Mrs. Red Schoendienst Sings the National Anthem
By Cal Freeman
She sang it note for note. She had a mellifluous voice. She had a pretty voice. Everyone agreed. Bob Gibson was in the bullpen with his hat over his heart, but I doubt he listened. Busch Memorial Stadium. Polite applause. Stadiums were quieter then, I say, though I can’t know this.
It’s today, but it isn’t autumn. It’s our living room, it’s two fingers gin in a Waterford goblet. A radio broadcast from over 52 years ago streaming on Sarah’s computer. The left-center wall was 372 feet from home plate, which was nothing for Willie Horton. The yellow distance from the couch to chair.
How far is anachronistic static punctuated by gone voices? I ask. Not far from here, she says. An anhedonic face in bicycle spokes makes a sound like a carpet beetle’s wings. I remember, I tell her. No kid today puts a baseball card in spokes, she says.
She tells me Bill Freehan used to live around the corner from here when she hears his name. She knows this because she saw our friend Joe Michnuk, an amateur baseball historian and former Tigers clubhouse security guard, speak at our town’s museum last year. The day Red Schoendienst decided he’d like to manage, she sent him to the butcher’s shop for a soup bone.
They were living in Milwaukee. He was playing second base for the Braves. She often sent him for soup bones so she could practice. Before singing, off the microphone, she set her note with a pitch pipe chiseled out of bone.
It’s today, but it isn’t autumn. I think of Freehan on Parker Street, the child Michnuk hiding behind a neighbor’s garbage cans to catch a glimpse as the great catcher climbed into an Oldsmobile Cutlass to drive down Michigan Avenue to Tiger Stadium in Detroit. There’s nothing new under the sun, I say. No baseball is new baseball, she counters. The state of no baseball is new, anyway. I tell her she sounds like Yogi Berra. We are not fans, but she likes the voices. They make her feel less alone.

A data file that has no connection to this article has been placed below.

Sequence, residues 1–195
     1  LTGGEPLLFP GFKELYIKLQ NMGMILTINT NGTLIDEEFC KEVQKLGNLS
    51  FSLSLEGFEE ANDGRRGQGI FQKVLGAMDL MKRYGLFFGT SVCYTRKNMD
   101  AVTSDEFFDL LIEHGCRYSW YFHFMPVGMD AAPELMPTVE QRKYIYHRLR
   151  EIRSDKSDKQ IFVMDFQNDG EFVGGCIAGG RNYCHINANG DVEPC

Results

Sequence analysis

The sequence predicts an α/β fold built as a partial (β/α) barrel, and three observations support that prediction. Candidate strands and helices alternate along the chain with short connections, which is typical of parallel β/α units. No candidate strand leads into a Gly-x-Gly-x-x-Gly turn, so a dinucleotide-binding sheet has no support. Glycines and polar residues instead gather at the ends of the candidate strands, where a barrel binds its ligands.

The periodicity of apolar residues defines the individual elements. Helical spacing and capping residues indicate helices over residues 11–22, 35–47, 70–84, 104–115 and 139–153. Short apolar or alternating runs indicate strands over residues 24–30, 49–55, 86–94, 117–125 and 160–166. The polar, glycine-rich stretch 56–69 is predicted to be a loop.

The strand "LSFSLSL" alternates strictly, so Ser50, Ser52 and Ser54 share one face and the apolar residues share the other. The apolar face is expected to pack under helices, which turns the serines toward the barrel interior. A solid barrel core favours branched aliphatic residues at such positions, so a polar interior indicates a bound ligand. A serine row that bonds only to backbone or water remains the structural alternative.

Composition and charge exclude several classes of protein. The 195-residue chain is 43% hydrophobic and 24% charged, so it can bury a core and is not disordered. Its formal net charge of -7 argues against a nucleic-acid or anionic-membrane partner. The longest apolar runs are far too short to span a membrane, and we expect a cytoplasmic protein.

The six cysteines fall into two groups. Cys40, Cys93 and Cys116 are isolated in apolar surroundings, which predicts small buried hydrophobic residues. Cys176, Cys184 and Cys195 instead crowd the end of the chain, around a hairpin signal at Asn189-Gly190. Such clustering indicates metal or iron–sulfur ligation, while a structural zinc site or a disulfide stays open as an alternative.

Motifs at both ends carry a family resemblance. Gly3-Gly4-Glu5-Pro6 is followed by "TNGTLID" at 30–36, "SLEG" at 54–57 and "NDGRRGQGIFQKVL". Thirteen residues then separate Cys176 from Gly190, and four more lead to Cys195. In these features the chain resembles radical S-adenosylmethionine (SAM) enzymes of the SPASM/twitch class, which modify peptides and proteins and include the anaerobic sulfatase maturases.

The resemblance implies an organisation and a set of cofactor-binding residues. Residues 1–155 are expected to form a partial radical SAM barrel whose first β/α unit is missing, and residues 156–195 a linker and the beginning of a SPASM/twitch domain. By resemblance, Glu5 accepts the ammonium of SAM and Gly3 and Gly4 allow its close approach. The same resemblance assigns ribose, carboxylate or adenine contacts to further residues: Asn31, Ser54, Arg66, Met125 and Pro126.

Nobody buys soup bones these days. It’s bouillon cubes to season soup and far too hot for that. Far too hot, it’s 52 years ago, but it isn’t autumn. It’s the summer of ’68; it’s the same tired brutality; it’s still Nixon and Daley. And who the hell says mellifluous these days? I ask her. They do, she says. Someone does. She was probably happy that afternoon as she sang, I speculate. Nobody was happy in the fall of ’68, she reminds me. Except maybe on a ball field or in the brief throes of a song.
Born and raised in Detroit, Cal Freeman is the author of the books of poetry Fight Songs (2017) and the pamphlet Heard Among The Windbreak (2016). His writing has appeared in New Orleans Review, Passages North, The Journal, Commonwealth, Drunken Boat, and The Poetry Review. He is a recipient of the Devine Poetry Fellowship and has been nominated for multiple Pushcart Prizes in both poetry and creative nonfiction. He teaches at Oakland University.
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